Orange’s telemedicine solutions have also enabled establishments such as the University Clinic of Navarra in Pamplona, Spain, to introduce a remote management system for chronic diseases such as diabetes. The mobile device sends patient data to the hospital via the cellular network, giving physicians a transparent and constant view of patient health.

This reduces the cost of treating diabetic patients through time-consuming check-up visits, while refocusing the physician’s time on the most pressing cases. Patients with diabetes know that their blood glucose level is being constantly monitored, at home as on the move, and they therefore receive a much better quality of treatment compared to having to wait for an appointment if their condition deteriorates.

Within the broader e-health market, Orange’s flagship solution is Connected Hospital, which has integrated the management of patient data across more than 40 hospitals in France, reducing the cost of patient management on a national basis.

more productive physicians

Other Orange e-health innovations that promote productivity include a virtual receptionist service that helps doctors to manage their appointments online, and a service for elderly and disabled users that provides access to around-the-clock assistance and support through a customized mobile device.

“In the UK we are developing a number of applications, including an SMS gateway service aimed at the secondary health care sector and a VPN voice service,” explains Michael Reilly, who also sees considerable potential in the use of technology to manage drug trials.

Orange works collaboratively with customers and partners to develop technology-based solutions for the healthcare industry. An example is the development with a major pharmaceutical company of an asthma solution. This will provide a suite of applications on a mobile phone which the sufferer can use to help manage their condition and to communicate with their clinician.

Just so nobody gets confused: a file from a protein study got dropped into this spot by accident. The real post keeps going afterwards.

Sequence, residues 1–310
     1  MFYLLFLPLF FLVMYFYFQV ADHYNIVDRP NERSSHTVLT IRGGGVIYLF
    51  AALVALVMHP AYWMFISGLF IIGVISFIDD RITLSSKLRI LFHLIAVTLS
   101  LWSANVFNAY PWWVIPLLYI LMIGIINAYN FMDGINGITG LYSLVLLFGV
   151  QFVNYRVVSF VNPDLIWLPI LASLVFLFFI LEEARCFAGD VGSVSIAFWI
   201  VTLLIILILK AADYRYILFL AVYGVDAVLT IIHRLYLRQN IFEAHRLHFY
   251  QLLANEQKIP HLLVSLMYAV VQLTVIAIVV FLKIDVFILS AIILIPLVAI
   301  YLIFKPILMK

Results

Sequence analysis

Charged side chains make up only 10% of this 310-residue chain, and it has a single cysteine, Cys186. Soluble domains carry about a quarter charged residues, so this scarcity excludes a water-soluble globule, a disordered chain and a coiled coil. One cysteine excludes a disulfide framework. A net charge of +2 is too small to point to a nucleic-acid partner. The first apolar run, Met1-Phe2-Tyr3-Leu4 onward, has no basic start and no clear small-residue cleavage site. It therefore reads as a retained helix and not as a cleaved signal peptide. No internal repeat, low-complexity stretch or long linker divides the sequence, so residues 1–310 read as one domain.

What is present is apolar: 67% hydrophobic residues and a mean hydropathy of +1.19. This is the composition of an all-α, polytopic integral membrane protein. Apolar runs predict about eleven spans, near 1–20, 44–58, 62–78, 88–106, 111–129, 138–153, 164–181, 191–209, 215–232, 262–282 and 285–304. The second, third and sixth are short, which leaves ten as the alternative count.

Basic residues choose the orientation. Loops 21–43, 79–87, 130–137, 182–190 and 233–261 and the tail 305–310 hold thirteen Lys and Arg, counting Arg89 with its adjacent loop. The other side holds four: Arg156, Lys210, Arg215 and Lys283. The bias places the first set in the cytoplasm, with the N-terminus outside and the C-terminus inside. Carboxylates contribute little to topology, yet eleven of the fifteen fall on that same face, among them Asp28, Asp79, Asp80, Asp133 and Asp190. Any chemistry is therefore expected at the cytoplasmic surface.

Although smartphones like the Blackberry and the iPhone provide powerful platforms for e-health applications, they are not the only option. “At the other extreme, in West Africa, we have developed a platform for parents of newborn babies who can communicate their baby’s condition to healthcare professionals using a very basic handset and a simple questionnaire,” says Chris Geary, an Orange Business Services consultant specializing in M2M telemedicine. Technologies such as RFID and ZigBee extend the capability to detect and communicate, for example with intelligent packaging on pharmaceutical products.

While the bulk of e-heath trials are taking place in Europe, Reilly stresses that the benefits of telemedicine will also be felt across the developing world. “In areas where wireless is the dominant communications access mechanism, for example in Africa and large parts of the Indian sub continent, there is an opportunity to use mobile devices to provide access to healthcare services, education and support,” Reilly adds.